Working with an Interior Designer
The idea for today’s guest post was hatched in response to a conversation I overheard at a Home Depot a few weeks ago.
A couple was having a somewhat heated debate about the renovations they were planning to their home. While the husband was adament that he could convert their unfinished basement into a nanny suite complete with a bathroom and kitchenette, the wife was less sure and was advocating her interior designer friend to be involved.
And while they were both passionate in their defence of their positions re bringing in an interior designer, it was pretty obvious that neither actually had any experience working with an interior designer.
So….I asked Toronto-based designer, decorator & home stager Steve Ryan to help clarify what exactly is it like working with an interior designer.
Here’s what Steve had to say…..
Working with an Interior Designer
A lot of homeowners want to work with a designer on renovating and improving the property value of their home. With the rise of HGTV, Home Shows, Pinterest and Instagram, the general public has never been more interested in the world of design. However, what designers really do and how they get from “Before” to “After” seems shrouded in mystery.
Whether you’re working with an interior designer or a decorator for a minor decorating project or a total home renovation, the steps of service are the same and follows three basic phases: the Consultation, the Creative Phase and the Implementation Phase.
Every project starts with a Consultation - usually two hours - where the designer comes to your space to go over your needs, budget, dreams, etcetera.
NOTE: You should have these things ready to discuss if you want the most out of this meeting since the designer will charge you for their time.
If, after the consultation is complete, you both feel you’re a good fit (personality, design asthetic, etc) and your timeline and budget is realistic, you may decide to hire the designer for your project. The next step is a letter of agreement that will detail how you will all operate over the course of the project. In addition to the signed agreement, the designer will likely require a retainer for their professional services in order to begin the Creative Phase.
The Creative Phase is where all drawings, elevations, renderings, sourcing of furniture and finishes and budgeting happens. If you’re renovating, the designer will be discussing plans in depth with your contractor.
When all of the design/structural/construction decisions have been made, the plan will be presented to you for your approval. This is your chance to veto anything you don’t like. If you’re happy with everything, you’ll give your approval and the cost of this plan will require payment.
In order for the project to move into the “Implementation Phase”, the designer & contractor will need the money to pay for it.
During the Implementation Phase, your designer will be placing orders, securing items, services, deliveries, and coordinating that with your contractor and their trades. These all require payments or deposits in order to happen and sadly, that money comes from you. The Designer does not front you the money and bill you for it later or have you just square up with them.
It’s a very detailed process (design is 80% paperwork and 20% creative) where you give them money to make your home beautiful, they tell you the plan, you approve everything and give them permission in writing to spend your money to get you the everything you approve. Then you can move on to the second phase.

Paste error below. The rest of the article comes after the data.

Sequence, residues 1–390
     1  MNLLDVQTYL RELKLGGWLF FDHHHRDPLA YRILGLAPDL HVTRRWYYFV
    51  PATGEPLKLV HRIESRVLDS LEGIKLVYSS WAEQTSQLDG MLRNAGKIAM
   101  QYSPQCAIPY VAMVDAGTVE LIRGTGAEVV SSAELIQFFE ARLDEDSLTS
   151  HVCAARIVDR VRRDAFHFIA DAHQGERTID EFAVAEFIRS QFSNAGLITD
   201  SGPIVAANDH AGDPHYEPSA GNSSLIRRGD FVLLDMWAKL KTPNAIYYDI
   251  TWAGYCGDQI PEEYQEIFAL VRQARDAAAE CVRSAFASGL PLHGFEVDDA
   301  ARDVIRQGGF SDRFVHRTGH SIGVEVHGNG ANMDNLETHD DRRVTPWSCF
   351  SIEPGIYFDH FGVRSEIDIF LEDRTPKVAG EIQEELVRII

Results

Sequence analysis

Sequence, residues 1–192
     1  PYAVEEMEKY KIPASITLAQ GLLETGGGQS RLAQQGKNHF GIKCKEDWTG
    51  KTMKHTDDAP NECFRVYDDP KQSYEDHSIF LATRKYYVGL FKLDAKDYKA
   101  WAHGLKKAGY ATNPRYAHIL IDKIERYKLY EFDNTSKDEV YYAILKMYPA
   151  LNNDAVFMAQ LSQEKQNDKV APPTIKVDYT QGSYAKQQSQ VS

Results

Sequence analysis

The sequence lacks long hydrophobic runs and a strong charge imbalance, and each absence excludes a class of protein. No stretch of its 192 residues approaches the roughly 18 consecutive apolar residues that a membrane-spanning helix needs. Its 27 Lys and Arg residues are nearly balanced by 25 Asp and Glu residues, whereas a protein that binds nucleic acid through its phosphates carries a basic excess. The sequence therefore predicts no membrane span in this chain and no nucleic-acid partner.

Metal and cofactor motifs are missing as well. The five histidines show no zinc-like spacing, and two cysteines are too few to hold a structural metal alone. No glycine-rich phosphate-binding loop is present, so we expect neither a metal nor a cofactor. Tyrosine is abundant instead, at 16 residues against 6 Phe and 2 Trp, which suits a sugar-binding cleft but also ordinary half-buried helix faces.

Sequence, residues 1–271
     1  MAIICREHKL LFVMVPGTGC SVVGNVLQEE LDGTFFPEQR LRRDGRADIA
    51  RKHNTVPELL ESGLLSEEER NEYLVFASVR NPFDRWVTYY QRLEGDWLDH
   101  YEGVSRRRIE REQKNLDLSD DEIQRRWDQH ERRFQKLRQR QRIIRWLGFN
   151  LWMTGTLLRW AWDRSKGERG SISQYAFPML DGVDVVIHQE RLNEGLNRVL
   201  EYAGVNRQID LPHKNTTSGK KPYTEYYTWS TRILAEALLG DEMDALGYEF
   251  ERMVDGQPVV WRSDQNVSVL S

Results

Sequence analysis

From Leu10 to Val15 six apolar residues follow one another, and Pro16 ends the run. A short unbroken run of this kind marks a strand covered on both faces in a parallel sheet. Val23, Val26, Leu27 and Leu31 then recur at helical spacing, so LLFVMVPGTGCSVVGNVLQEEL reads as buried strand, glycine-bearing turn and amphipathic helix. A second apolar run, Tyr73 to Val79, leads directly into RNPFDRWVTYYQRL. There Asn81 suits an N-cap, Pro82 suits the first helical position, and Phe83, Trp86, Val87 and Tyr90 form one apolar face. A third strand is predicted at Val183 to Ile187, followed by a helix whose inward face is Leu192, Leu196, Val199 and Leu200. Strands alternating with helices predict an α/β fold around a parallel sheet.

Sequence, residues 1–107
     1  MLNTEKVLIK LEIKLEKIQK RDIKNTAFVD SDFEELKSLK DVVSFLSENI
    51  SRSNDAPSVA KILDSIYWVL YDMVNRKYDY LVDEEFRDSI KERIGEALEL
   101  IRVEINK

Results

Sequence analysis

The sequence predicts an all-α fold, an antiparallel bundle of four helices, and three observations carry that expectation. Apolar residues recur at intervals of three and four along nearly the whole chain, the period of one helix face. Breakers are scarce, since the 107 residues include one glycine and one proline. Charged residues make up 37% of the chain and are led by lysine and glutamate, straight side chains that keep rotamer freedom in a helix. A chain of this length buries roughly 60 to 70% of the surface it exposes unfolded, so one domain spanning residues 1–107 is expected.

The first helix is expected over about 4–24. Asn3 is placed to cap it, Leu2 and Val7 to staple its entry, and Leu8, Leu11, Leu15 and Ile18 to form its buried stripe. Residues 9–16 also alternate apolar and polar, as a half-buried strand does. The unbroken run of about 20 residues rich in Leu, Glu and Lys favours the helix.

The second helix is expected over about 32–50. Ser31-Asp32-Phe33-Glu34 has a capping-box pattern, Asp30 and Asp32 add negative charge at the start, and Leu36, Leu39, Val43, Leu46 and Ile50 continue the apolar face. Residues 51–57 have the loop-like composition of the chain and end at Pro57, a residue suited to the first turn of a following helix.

Welcome to the “Implementation Phase”…..generally known as the sucky part of the project. If it’s a decorating project the suck will be minor. Likely some small trade work, maybe new flooring, painters, electrician, ditching your old furniture and waiting 8-10 weeks for your new goodies.
If you’re renovating, the suck is major. It will be dirty. It will be dusty. There will be strangers in your home a lot. This is also where something will likely go wrong that couldn’t be foreseen (bad wiring/a botched previous renovation/family of raccoons). Try not to worry. Your designer and contractor will fix it. There’ll be money in your budget set aside for these things and a solution will be found.
Also, be aware this phase could take weeks to months to finish depending on the scope of the work. Your designer will likely send you weekly email updates letting you know what steps you’re at, what you can expect and so on but it will *feel* like a very long time. This is where I often have to put on my other hats including ‘Marriage Counsellor’, ‘Hand Holder’ and ‘Talking In Off The Ledger’.
However, in the end, you will likely be thrilled with the end result just like on all those HGTV shows. Well, the last five minutes of them anyway. Your designer wants nothing more than for you to be ecstatic about the end result.
I liken the whole process to childbirth. At first, you’re super psyched and a little nervous. Then things get surprising, you’re spending a lot of money and you’re not sure if you’re quite ready. Then there’s a really long, messy part where you think you’ll never survive. Then, it’s over and you’re crazy in love with what came out in the end. Just remember, a good design professional can really help you achieve what you’re looking for. Trust them and the process and you’ll be just fine.
About the Author
Steve Ryan is a Toronto based Designer, Decorator and Home Stager. He is a graduate of the Interior Decorating Program from George Brown College and is an Accredited Member of the Decorators & Designers Association of Canada (DDA). He has contributed several articles to the DDA monthly newsletters on a wide variety of topics, given design consultations at their Fall Home Show Charity Events and guest lectured on small space design at George Brown College. He also gives design tips on his own website blog.
Contact Steve Ryan Designs
Headshot credit: Pierre Gautreau Photography